You might think of upgrading your biocube 32 light. But that’s not a good idea at the beginning of the process. So, go for the heater. 

If you can’t find a suitable heater, here are some recommendations-

Product 1
Product 2

These lights create a cozy environment for aquarium fishes.

Anyway, let’s shift our focus onto the acclimating process.

Read along!

Step 01: Set The Heater And Adjust The Airline 

First, bring mollies out from the tiny transport bag and place them into a clean jar.

Turn on your heater afterward to keep the environment warm for the mollies. Or else, the water temperature will gradually drop. This will create discomfort for the fish. 

After that, grab the airline hose. Insert one side beneath the water surface of the aquarium. Secure the airline properly so that it sticks to the base and doesn’t fall anytime soon.

Step 02: Adjust The Drip Rate 

Adjust the dripping rate of water through the airline hose now. Before that, suck the hose pipe to get the water moving. But make sure to remove the pipe from your mouth before the saltwater reaches you.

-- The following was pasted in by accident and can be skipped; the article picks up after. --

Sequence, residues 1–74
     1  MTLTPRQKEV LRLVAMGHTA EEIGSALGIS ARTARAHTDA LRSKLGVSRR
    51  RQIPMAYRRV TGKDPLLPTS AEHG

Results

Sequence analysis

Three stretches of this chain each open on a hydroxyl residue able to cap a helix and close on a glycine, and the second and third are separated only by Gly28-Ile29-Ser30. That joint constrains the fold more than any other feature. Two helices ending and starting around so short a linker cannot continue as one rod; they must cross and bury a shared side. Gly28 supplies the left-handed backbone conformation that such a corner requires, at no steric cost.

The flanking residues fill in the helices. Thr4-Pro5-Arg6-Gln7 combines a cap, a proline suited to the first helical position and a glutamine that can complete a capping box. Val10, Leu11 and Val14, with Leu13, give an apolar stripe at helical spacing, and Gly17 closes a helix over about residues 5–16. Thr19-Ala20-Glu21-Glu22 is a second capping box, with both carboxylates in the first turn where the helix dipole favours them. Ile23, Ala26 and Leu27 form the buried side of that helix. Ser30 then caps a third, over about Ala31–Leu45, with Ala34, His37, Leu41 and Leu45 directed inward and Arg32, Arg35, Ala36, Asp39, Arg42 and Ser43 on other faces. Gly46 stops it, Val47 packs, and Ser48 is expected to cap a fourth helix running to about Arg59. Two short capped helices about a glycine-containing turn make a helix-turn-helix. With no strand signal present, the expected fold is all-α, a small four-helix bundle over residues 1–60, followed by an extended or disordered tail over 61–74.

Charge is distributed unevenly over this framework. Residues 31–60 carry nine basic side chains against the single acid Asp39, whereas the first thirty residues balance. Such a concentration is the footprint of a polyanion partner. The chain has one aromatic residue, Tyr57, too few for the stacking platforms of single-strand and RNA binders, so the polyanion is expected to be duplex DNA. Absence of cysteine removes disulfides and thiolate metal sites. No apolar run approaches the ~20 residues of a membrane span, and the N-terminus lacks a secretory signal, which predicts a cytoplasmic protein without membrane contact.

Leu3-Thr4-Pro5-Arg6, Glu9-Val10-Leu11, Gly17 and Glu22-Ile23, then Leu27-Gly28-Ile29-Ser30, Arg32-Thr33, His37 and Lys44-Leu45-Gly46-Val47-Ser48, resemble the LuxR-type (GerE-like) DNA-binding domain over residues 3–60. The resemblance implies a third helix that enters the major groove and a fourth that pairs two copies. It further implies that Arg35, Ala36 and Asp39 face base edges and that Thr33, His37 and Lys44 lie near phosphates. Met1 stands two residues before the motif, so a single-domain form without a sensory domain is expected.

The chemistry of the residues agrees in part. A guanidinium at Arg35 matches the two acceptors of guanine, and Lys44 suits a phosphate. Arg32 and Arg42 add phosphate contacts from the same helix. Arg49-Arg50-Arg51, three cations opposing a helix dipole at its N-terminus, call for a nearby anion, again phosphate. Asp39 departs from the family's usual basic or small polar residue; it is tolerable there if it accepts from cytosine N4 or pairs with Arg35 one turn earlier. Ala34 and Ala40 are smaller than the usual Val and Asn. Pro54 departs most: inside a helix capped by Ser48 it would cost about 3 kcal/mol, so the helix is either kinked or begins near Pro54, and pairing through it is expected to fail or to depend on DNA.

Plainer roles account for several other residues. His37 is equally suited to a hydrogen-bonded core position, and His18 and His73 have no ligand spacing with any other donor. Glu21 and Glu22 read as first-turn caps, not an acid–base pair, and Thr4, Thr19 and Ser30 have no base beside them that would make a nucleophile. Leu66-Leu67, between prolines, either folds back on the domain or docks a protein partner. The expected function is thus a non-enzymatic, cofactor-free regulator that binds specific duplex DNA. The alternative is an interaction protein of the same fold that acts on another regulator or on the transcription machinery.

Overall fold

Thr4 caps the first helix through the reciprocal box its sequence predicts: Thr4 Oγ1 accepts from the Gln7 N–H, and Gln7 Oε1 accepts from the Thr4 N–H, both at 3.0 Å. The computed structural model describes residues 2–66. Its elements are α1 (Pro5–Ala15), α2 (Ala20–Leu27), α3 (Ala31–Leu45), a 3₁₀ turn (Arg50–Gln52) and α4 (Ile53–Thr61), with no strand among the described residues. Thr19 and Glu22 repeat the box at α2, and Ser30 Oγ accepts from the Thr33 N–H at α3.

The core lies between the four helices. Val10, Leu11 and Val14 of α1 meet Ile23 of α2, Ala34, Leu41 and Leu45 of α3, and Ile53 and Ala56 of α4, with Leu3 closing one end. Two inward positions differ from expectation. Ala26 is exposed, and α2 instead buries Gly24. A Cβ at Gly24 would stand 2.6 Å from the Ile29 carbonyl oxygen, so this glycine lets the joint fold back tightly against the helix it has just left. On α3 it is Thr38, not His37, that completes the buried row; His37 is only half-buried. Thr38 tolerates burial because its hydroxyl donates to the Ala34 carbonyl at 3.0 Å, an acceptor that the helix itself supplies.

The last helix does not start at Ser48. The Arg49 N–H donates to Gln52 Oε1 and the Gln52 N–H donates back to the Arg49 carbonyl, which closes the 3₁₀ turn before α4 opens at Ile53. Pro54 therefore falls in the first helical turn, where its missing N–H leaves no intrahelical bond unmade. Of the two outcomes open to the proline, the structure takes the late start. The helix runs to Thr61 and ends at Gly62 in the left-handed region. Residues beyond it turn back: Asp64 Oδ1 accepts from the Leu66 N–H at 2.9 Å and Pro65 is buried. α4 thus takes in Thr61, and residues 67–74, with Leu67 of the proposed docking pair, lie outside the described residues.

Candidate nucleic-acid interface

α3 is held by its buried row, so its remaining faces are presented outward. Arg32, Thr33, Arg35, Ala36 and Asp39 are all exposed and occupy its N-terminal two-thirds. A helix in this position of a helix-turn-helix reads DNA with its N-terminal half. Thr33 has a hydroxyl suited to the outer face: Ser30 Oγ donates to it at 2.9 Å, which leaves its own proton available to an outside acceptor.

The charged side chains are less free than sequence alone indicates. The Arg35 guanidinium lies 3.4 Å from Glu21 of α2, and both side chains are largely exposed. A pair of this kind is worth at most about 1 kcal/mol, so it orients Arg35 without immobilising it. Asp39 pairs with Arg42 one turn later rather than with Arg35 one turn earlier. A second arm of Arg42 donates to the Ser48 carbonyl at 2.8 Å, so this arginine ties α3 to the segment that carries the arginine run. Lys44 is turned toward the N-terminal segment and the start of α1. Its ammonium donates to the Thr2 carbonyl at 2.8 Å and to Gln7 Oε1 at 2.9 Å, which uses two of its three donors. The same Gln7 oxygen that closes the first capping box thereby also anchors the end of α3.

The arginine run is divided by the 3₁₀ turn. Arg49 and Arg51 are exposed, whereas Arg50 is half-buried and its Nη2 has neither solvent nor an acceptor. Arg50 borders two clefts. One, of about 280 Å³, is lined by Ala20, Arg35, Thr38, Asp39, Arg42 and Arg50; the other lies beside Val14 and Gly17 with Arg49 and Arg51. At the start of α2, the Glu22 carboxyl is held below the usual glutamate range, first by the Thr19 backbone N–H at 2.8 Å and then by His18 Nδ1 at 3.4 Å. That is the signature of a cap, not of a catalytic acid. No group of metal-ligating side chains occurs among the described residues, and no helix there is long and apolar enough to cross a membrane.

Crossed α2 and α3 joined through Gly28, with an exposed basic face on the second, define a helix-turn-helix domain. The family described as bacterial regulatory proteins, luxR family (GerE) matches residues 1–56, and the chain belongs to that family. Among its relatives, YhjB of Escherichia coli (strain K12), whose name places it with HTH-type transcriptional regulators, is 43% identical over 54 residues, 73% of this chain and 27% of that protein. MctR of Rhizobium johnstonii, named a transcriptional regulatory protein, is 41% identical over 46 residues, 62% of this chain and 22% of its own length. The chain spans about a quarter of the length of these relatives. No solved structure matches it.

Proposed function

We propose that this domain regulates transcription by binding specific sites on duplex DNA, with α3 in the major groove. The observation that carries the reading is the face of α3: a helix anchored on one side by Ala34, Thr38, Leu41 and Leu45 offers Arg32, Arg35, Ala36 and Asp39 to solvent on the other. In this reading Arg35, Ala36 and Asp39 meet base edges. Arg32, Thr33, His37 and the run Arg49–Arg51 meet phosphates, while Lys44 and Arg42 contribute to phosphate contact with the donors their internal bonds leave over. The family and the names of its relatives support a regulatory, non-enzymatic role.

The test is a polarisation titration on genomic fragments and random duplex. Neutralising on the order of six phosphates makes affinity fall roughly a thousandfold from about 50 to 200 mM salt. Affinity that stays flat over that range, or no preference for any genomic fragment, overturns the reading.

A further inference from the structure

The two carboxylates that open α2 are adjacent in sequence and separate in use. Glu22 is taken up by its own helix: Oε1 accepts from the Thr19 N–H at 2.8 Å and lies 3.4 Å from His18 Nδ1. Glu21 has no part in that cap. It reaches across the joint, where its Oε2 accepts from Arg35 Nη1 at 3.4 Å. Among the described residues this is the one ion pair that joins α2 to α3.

Further, secure the airline hose by tying a knot. The tighter the knot, the slower the pace of drip rate will be. For mollies, set the dripping rate to 2 drips/second. Finally, grab the other edge of the hose and place it inside the fish jar.

Step 03: Arrange Clean Water

After running the water through the airline hose, remove half the water volume from the bucket. Continue the process at least for 30 minutes till the bucket reaches the same salinity as the aquarium.

Meanwhile, turn off the ATO (Automatic Top-Off) system. It will fend off the freshwater from messing up the salinity level of the aquarium. Remember, uneven ATO can turn your chaeto into white too.

However, preparing clean water may take up to 3-4 hours. So, be patient till the tank and the bucket are fully diluted. 

Step 04: Set Up The Aquarium

Prepare the aquarium to acclimate our mollies into the tank now. 

At first, turn off the aquarium lights. So that mollies can hide if they feel uncomfortable in the first place.